Proclaiming the Good News of God in Christ

Movie Review: The Butler

Review of Lee Daniels’ The Butler by a loyal Tri-Faith member.

For the past several days, a fellow member of the Episcopal Tri-Faith community and I have been exchanging email messages about this past week’s Gospel: Luke 12:51-53. Paraphrased (by me) it reads:

“The simplistic ‘feel good’ message of many contemporary preachers is flat wrong. God did not send me here to gift unto you Peace. I do not come to bring peace on earth. I did not come to simply increase Average Sunday Morning Attendance figures. To the contrary, with intention, I have come to bring division and angst—especially within the family unit. I assure you that I will divide families and cause great turmoil within your family. I will set father against son and son against father.”

What is Jesus saying? The total body of the Gospels’ writers works ought to leave all Christians with the firm conviction that the Prince of Peace commands mankind to reform and be individually transformed so that we love and take care of the least among us—not to continue running over the poor and disenfranchised.

Fresh on the heels of rummaging around with this week’s Gospel, I attended a showing of The Butler.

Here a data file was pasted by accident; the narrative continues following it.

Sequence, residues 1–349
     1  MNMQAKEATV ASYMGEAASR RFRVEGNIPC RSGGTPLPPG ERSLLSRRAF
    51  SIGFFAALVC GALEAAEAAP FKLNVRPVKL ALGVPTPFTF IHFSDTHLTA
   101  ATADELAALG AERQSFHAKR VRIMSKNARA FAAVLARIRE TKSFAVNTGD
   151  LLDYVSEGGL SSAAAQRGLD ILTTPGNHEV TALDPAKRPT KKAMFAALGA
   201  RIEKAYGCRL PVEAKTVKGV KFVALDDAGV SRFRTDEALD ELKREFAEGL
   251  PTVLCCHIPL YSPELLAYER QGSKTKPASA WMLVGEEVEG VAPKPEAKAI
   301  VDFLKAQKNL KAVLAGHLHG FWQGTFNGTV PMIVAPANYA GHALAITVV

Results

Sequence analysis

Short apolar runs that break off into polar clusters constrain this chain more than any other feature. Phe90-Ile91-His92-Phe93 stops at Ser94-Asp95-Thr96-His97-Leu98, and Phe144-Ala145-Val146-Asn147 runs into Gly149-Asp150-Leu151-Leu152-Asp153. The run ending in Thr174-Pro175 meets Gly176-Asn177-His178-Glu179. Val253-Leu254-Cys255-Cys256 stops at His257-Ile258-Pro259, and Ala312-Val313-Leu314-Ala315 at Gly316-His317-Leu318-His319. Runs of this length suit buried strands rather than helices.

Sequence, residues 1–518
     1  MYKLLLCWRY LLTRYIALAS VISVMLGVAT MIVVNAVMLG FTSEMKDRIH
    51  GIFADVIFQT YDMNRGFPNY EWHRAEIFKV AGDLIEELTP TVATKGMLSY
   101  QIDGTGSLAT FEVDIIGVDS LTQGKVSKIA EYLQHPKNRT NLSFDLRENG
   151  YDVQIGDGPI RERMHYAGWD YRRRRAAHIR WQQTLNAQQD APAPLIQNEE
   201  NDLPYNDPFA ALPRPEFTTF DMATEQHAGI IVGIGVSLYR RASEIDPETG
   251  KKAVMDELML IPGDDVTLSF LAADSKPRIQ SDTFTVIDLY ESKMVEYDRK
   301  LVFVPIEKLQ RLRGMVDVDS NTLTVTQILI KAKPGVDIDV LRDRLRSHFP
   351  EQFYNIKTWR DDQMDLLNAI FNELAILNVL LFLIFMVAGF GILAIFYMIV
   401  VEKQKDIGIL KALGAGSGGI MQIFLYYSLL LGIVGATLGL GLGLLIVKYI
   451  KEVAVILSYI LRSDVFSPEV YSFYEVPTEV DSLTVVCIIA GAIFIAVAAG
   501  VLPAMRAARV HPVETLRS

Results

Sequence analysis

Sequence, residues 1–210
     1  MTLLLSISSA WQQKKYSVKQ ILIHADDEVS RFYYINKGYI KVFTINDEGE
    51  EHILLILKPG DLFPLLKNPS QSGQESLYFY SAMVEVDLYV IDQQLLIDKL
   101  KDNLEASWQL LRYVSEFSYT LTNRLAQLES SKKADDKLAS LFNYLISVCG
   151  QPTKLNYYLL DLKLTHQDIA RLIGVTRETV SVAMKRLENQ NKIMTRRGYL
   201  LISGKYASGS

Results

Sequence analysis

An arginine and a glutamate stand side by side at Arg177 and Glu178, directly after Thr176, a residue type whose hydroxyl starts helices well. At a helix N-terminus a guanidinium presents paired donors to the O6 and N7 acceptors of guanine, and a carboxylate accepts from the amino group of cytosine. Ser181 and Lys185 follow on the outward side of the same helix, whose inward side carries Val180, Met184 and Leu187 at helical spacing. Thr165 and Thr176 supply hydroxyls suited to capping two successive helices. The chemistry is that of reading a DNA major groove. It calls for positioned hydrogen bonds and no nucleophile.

What is the director saying? This fictional family story is raw with father-against-son and son-against-father tension. In the end, it is a story about the transformation (individually and for all of mankind) that comes out of the division that Jesus intentionally brings to our lives.

So, my take: study last week’s Gospel. With that study fresh in mind, go see The Butler. I am drawn to Carl Sandburg’s poem that may be saying something similar. Perhaps something along the lines of: God does not want us to simply follow in our father’s footsteps and/or (more to my stage of life), God most certainly does not want our children to follow in the messy foot prints we have left.

Lay me on an anvil, O God.
Beat me and hammer me into a crowbar.
Let me pry loose old walls.
Let me lift and loosen old foundations.

Lay me on an anvil, O God.
Beat me and hammer me into a steel spike.
Drive me into the girders that hold a skyscraper together.
Take red-hot rivets and fasten me into the central girders.
Let me be the great nail holding a skyscraper through blue nights into white stars.

– Carl Sandburg

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